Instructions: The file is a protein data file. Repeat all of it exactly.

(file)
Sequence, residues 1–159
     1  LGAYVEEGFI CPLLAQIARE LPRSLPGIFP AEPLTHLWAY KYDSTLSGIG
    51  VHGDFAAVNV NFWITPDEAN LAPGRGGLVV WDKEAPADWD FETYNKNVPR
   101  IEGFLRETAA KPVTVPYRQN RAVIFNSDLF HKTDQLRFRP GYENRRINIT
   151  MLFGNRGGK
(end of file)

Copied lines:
Sequence, residues 1–159
     1  LGAYVEEGFI CPLLAQIARE LPRSLPGIFP AEPLTHLWAY KYDSTLSGIG
    51  VHGDFAAVNV NFWITPDEAN LAPGRGGLVV WDKEAPADWD FETYNKNVPR
   101  IEGFLRETAA KPVTVPYRQN RAVIFNSDLF HKTDQLRFRP GYENRRINIT
   151  MLFGNRGGK